While we are happy that the three city mayoral elections have come to an end with little violence, they were, as we had feared, simply the iteration of the Khulna and Gazipur polls. They bear nearly all the hallmarks—from ballot stuffing to expelling election agents—of a heavily manipulated election.
In spite of all the irregularities reported by multiple sources, the BNP-backed mayoral candidate in Sylhet, Ariful Haque Chowdhury, almost certainly pulled off a stunning victory. His triumph should serve as an important lesson to the opposition: No matter how uneven the ground is, if they field a strong and popular candidate, she or he has a viable chance to win.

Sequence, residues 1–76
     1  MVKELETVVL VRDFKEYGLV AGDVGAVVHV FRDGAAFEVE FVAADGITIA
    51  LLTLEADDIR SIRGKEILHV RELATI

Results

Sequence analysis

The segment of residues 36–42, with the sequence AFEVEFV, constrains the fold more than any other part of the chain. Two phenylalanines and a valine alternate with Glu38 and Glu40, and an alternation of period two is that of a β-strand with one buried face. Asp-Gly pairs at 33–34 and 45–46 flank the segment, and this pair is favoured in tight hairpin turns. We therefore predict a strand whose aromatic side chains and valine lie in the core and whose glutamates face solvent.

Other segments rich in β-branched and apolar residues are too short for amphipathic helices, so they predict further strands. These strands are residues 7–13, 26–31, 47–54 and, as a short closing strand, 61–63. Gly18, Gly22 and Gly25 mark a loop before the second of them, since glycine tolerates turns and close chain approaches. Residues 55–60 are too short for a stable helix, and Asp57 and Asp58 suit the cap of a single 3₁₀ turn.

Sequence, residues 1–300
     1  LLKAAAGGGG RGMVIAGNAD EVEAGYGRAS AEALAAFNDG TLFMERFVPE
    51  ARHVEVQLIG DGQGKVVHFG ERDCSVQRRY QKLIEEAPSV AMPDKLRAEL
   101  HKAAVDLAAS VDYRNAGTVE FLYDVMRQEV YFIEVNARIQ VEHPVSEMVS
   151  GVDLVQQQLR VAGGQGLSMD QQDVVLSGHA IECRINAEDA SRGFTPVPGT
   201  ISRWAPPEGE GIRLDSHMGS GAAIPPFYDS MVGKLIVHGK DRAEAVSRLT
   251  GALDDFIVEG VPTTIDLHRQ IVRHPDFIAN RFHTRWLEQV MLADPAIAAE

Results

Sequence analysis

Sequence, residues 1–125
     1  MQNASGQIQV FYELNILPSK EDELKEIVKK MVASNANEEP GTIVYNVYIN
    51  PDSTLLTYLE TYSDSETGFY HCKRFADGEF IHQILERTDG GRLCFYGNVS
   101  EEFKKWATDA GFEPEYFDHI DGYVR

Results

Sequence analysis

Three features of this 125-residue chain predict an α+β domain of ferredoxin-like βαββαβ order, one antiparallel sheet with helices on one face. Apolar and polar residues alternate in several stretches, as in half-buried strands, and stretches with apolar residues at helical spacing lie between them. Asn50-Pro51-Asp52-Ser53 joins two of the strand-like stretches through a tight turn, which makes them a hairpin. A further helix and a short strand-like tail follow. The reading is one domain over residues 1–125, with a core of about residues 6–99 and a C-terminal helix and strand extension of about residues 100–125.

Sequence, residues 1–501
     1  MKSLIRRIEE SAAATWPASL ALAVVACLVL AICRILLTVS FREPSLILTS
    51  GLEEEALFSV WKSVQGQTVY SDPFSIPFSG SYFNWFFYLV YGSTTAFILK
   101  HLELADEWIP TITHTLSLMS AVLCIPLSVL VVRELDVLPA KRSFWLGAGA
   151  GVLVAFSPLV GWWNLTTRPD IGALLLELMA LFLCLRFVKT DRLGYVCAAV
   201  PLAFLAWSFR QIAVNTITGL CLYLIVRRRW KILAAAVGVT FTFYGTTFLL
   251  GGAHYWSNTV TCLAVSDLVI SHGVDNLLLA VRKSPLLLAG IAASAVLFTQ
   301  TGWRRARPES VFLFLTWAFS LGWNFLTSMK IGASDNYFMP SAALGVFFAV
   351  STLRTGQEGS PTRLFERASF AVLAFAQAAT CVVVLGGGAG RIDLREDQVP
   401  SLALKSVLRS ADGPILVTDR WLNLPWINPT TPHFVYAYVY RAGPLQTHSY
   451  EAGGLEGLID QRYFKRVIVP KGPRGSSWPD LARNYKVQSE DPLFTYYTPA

The polls also represent a lost opportunity for the Election Commission to prove its credibility and competence. Since its formulation, the Commission has barely been able to preside over a single free and fair election, and thus suffered from a serious credibility deficit. With the national elections looming large, it had a chance to assert its authority and establish its integrity by organising the five city elections in a free and fair manner, which it did not.
Not just on the election day, the EC turned a blind eye to numerous election rule violations—mainly by the ruling party and the police—in the run-up to the polls. There is little indication that this election commission has the ability or willingness required to hold a national election that would be acceptable to all.